Prisons Face Dilemma With Transgender Inmates

In August, a Canadian transgender person filed a multimillion-dollar suit against U.S. and Montana officials, claiming abuse. Alexandria Tucker, a self-described preoperative male-to-female transsexual, was allegedly sexually assaulted while housed in Montana's prison for men. Montana prisons officials have said the case is without merit and that the prison made adequate arrangements for Tucker's safety.

Such lawsuits have had mixed results in the past.

Last May, a U.S. district court jury in Ohio ruled against Traci Greene, a transgender inmate who sued the state. Greene's lawyers alleged their client was severely beaten by another inmate at the all-male Warren Correctional Institution in southwest Ohio in 1996.

Officials had originally classified Greene as a woman, but then moved Greene to the male facility when they learned the inmate was anatomically male and undergoing hormone treatments.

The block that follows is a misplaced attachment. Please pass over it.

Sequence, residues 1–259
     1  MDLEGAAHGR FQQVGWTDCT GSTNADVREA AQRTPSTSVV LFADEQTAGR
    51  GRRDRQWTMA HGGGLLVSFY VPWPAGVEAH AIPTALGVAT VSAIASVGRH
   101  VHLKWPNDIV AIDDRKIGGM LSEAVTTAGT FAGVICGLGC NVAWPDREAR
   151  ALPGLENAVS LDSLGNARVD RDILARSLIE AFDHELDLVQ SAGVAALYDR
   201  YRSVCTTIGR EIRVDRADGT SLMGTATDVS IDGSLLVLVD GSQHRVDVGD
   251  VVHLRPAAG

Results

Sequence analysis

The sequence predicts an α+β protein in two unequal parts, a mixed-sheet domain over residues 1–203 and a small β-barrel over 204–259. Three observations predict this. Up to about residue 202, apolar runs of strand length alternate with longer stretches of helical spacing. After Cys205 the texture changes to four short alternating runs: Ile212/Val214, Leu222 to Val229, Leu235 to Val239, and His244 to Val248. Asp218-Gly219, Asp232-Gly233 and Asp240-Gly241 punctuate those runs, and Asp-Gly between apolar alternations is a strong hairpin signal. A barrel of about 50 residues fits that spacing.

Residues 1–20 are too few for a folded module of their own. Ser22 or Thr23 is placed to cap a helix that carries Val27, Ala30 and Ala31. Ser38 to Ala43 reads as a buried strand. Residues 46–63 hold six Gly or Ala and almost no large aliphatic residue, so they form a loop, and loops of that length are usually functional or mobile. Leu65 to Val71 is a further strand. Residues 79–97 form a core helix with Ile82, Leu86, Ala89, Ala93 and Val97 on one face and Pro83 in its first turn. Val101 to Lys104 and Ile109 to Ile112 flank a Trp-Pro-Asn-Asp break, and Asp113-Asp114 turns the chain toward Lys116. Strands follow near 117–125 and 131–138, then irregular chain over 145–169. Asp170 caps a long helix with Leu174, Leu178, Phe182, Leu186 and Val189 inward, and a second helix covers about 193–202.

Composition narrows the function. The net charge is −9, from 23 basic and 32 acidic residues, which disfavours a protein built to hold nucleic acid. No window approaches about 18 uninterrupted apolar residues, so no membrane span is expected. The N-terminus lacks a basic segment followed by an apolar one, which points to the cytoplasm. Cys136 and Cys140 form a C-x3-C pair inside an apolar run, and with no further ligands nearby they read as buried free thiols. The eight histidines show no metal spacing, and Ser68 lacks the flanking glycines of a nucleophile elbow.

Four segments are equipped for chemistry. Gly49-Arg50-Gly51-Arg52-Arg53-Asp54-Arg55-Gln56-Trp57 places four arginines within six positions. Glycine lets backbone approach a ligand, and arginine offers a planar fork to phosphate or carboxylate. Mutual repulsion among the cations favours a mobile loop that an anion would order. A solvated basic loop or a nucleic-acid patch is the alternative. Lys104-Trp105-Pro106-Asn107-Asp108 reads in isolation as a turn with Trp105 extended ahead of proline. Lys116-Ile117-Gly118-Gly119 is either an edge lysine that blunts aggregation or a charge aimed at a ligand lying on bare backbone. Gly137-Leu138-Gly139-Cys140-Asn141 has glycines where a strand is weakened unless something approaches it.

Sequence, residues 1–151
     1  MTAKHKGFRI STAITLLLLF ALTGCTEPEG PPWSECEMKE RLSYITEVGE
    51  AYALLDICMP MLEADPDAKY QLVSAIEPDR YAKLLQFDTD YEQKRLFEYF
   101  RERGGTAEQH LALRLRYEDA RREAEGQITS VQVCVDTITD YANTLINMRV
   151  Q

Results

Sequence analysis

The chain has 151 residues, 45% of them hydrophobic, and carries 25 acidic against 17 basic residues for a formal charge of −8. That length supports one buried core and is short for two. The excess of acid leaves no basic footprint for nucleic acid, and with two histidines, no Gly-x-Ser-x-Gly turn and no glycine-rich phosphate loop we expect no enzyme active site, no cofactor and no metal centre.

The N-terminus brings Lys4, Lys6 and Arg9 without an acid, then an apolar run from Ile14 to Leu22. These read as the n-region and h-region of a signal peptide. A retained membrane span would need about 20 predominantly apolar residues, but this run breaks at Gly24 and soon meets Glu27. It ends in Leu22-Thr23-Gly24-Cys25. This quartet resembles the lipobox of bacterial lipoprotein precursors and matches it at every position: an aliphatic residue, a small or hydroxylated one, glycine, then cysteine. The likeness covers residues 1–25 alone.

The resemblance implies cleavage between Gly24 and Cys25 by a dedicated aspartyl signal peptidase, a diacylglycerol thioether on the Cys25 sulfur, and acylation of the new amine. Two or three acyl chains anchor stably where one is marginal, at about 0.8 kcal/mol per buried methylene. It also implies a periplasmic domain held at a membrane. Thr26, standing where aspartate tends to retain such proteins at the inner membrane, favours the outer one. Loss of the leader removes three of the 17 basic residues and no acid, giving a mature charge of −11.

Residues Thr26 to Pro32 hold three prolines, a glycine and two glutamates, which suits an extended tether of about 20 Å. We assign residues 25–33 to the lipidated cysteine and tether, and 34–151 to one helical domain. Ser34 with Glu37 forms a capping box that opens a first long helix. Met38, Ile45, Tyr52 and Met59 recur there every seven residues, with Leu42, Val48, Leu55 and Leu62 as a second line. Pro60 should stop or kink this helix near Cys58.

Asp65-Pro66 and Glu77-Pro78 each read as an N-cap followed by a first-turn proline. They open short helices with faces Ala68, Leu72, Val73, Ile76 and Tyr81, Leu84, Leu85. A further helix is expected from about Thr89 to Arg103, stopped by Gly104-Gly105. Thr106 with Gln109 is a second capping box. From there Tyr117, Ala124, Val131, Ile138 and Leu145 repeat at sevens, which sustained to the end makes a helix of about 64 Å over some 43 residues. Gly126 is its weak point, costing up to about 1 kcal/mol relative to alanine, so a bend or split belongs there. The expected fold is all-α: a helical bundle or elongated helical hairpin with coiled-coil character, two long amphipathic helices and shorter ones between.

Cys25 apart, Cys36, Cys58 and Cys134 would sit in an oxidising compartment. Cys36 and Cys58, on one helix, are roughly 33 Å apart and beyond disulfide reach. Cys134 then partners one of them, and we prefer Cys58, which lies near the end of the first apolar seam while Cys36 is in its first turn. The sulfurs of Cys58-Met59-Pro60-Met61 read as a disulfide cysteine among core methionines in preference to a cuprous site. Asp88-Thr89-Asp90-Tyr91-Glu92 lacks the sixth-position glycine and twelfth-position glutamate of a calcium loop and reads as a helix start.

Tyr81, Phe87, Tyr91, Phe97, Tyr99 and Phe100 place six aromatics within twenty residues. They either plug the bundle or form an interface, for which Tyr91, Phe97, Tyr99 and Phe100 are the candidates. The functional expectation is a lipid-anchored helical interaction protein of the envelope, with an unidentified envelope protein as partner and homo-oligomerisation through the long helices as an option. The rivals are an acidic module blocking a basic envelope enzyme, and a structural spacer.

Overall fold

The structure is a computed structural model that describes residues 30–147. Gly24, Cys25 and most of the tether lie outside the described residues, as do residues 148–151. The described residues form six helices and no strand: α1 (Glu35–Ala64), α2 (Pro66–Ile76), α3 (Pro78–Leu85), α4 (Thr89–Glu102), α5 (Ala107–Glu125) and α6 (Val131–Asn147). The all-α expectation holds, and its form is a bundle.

Despite a size 36-D bust and other feminine characteristics, Greene was still theoretically capable of impregnating females, officials said during the trial.

In a 1994 case brought by a transgender inmate named Dee Farmer, the Supreme Court ruled that prison officials must protect inmates from sexual attack. The plaintiff, a pre-operative transgender inmate serving time for credit card fraud, alleged repeated sexual assault while housed with a group of male prisoners.

The problem of sexual abuse in prisons goes far beyond the transgender population, of course. More than 200,000 men are raped behind bars each year, according to the group Stop Prisoner Rape. Hensley, the Morehead State University researcher, says research has found that between 14 percent and 22 percent of male inmates are subjected to sexual violence or threats.

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